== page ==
COVID Chronicles Anthology has 64 stories from 1 to 17 pages; 42 stories were written and drawn by a single person; 22 were created by two or three people; there were 75 contributors altogether with some providing several stories. I’ll discuss a few of the stories here and provide impressions for the flow of the anthology. A list of contributors is provided at the back of the book (pages 269-279). Award-winning contributors include: Ned Barnett, Thi Bui, Zack Davisson (as Japanese manga translator), Peter Dunlap-Shohl (as editorial cartoonist), Sarah Firth, Mike Garcia, John Jennings, Rob Kirby, Rob Kraneveldt, Janet K. Lee, Lee Marrs, Terry Moore, Eli Neugeboren, Tim E. Ogline, Arigon Starr, and Sage Stossel (as editorial cartoonist). National perspectives from outside the United States include: Australia (Ken Best, Eiri Brown, Jason Chatfield based in NY, current president of National Cartoonists Society; Sarah Firth, and Ben Mitchell); Switzerland (Roland Burkart); United Kingdom (Joe Decie, and Ian Williams), France (Jack Deloupy), Argentina (Ignacio Di Meglio), Mexico (Mike Garcia), Turkey (Hatiye Garip), Canada (Mark Heinrichs, Rob Kraneveldt, Tom K. Mason, and Shelley Wall), Germany (Natascha Hoffmeyer, Richard You Wu, and Annie Zhu), and Singapore (Kang Jing, and Pavith C.(colorist)). Some are immigrants to the U.S. (e.g., Thi Bui (from Vietnam), Lilli Chin (from Malaysia/Australia), and Kay Sohini (from India)). One is Indigenous (Arigon Starr (Kickapoo), also included in The Nib: Pandemic).
There are several Graphic Medicine writer/artist’s works represented here who had been published in Graphic Medicine Series and/or previously reviewed at graphicmedicine.org. They include: Maureen Burdock (Menopause, and Pathographics), Roland Burkart (Twister), MK Czerwiec (Taking Turns, Menopause, Graphic Medicine Manifesto), Jack Deloupy (Algériennes with Swann Meralli), Peter Dunlap-Shohl (My Degeneration), Natascha Hoffmeyer (translator of Twister), Janet K. Lee (Sea Sirens & Sky Island as illustrator), Ajuan Mance (Menopause), Shelley Wall (organizer of 2012 Comics & Medicine (now called Graphic Medicine) Conference), and Ian Williams (Bad Doctor, Lady Doctor, Graphic Medicine Manifesto)
COVID Chronicles Anthology’s stories fall into several major categories; namely personal (some as diaries), historical, cultural, or social/political with many being a mix of categories. Several are fictional (or even science fiction) and many provide public service announcements: wash hands, don’t touch face, wear mask, socially distance, quarantine if symptomatic, get tested, pass this advice along. About one-third are in color and very few uses metaphorical imagery. The stories included provide a nice variety of drawing styles. Though the sequence of stories has no section labeling they do follow an edifying pattern. With the early stories emphasizing the author’s own lives, and the later moving toward national and political commentary. Since some stories cover a period in time—and we unfortunately don’t have the benefit of being able to look back at the entire history of this pandemic—we often do not know the outcome or resolution of these stories.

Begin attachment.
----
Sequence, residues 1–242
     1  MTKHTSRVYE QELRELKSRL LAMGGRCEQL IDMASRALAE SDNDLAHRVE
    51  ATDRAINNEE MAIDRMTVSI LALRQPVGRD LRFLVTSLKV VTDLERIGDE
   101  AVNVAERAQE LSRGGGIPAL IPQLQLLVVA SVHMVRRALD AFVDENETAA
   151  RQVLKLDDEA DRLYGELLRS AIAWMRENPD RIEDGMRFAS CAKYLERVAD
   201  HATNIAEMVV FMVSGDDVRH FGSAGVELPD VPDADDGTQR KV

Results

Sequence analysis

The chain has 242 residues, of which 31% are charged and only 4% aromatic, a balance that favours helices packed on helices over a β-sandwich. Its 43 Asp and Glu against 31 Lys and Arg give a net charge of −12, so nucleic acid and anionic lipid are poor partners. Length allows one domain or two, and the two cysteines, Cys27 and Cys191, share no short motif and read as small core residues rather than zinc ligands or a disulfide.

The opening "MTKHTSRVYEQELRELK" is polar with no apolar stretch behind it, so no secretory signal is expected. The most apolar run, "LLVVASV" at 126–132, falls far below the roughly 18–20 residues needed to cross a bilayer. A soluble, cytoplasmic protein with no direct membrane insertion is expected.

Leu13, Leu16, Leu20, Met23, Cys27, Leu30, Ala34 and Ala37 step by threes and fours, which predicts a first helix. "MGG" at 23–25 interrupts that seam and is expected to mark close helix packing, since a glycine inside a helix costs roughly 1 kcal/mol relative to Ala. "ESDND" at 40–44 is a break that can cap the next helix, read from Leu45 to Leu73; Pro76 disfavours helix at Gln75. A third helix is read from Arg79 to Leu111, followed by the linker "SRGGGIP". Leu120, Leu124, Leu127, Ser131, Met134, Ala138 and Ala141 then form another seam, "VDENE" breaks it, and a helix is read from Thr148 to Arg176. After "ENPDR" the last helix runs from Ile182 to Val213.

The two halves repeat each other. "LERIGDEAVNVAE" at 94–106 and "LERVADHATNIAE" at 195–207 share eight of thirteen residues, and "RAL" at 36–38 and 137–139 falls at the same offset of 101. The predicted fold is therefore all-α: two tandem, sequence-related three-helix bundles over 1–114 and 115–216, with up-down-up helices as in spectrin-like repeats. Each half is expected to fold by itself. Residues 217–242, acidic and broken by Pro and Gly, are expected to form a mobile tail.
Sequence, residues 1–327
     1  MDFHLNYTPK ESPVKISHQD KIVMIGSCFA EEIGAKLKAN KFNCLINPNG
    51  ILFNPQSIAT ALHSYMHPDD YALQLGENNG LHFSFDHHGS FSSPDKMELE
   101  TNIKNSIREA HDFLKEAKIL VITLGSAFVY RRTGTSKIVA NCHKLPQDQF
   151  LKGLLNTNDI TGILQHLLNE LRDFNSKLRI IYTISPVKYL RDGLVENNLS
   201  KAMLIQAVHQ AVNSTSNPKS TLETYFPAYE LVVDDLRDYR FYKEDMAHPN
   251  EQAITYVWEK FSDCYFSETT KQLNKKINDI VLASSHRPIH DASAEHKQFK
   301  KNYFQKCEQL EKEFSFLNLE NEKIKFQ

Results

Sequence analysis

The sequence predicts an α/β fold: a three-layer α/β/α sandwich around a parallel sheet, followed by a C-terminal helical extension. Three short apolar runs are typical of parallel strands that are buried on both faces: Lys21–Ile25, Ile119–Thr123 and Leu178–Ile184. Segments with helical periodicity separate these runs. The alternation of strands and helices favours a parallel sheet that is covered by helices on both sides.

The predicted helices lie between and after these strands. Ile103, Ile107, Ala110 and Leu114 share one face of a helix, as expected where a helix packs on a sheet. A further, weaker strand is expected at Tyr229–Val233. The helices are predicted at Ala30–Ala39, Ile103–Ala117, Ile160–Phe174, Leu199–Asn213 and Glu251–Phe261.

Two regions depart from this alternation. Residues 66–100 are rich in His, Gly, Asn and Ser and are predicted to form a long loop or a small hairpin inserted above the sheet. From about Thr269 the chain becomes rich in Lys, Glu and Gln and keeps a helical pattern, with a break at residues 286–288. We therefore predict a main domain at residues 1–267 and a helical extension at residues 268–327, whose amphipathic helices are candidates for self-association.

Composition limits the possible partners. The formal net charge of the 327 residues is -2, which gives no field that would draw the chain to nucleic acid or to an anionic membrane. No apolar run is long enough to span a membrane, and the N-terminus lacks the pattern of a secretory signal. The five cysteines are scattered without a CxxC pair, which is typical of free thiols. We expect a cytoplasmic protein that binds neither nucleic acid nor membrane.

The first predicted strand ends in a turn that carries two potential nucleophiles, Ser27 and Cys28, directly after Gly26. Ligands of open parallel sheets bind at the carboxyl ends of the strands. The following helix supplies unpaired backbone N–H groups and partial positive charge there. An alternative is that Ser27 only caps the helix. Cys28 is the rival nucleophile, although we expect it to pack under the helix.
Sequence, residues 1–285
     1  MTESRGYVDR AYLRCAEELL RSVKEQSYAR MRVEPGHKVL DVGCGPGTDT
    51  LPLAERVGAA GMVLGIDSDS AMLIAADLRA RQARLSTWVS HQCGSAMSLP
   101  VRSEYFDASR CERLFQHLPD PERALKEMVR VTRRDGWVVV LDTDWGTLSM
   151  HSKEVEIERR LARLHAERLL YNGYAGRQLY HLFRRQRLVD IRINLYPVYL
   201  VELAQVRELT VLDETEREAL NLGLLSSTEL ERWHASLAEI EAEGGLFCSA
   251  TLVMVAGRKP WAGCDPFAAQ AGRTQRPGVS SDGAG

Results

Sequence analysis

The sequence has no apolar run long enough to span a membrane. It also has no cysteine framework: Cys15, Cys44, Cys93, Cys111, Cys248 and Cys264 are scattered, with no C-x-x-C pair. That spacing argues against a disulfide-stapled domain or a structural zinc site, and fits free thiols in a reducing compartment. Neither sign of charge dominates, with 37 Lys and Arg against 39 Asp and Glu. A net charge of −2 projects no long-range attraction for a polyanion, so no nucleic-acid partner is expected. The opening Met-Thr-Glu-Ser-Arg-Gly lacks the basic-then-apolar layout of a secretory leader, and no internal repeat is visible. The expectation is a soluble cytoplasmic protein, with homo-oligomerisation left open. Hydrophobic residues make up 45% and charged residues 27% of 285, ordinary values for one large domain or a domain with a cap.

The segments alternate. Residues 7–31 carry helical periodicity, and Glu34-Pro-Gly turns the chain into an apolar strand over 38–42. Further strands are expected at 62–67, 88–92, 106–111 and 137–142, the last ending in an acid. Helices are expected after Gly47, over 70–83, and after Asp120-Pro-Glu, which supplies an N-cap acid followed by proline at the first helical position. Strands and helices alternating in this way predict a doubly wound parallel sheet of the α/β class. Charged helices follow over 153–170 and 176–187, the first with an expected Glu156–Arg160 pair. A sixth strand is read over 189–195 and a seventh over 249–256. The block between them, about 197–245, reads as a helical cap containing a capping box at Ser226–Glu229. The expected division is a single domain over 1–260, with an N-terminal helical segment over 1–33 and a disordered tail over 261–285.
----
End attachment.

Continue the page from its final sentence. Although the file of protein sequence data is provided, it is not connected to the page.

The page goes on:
“How to Have a Powwow in a Pandemic” (105 – 111) by S I Rosenbaum (words) & Arigon Starr (art and color) indicates Indigenous people are disproportionately hurt by COVID-19 due to “poverty & oppression ;” and all but one Powwow was cancelled. For Indigenous populations, historical epidemic/pandemics include: Childbirth Fever (1792), Smallpox (1811), Whooping Cough (1813), Measles (1818), exacerbated by governmental relocations. The 1900 census count had 237,000 Indigenous people whereas before Europeans arrived there had been millions in what’s now the U.S.. Powwows began from wild west show world tours. “[U.S.] Authorities saw the new dances as ‘fake’ and therefore harmless. But then as now Powwow gave people a way to connect to something deep and real—a healing.” (108) Over the weekend of March 21-22, 2020 there was a virtual Powwow and every weekend thereafter for two months.
“Past Pandemics” (40-45) by Ned Barnett provides some history. It defines epidemic (affects lots of people within a small area up to a country) vs. pandemic (crosses country or continental borders); and “novel influenza virus” is easily infecting people and sustainably spreading to others. This story gives four other pandemics since the 1900s: Influenza of 1918-19 (H1N1) ~ 50 million died; Influenza Pandemic of 1957-58 (H2N2) ~ 1.1 million; vaccine rapidly produced thereafter in U.S. annual flu shots resulted; 1968-70 Pandemic (H3N2) ~ 4 million died mostly age 65+, those exposed in 1957-58 still immune but this virus was highly contagious, part of seasonal flu today; 2009 Swine Flu (H1N1) ~ 575 thousand died mostly children, still circulating seasonally; and current COVID-19 2019+. And provides very positive news that by August 2020, Vietnam, Fiji, and New Zealand had 100 days of no new cases.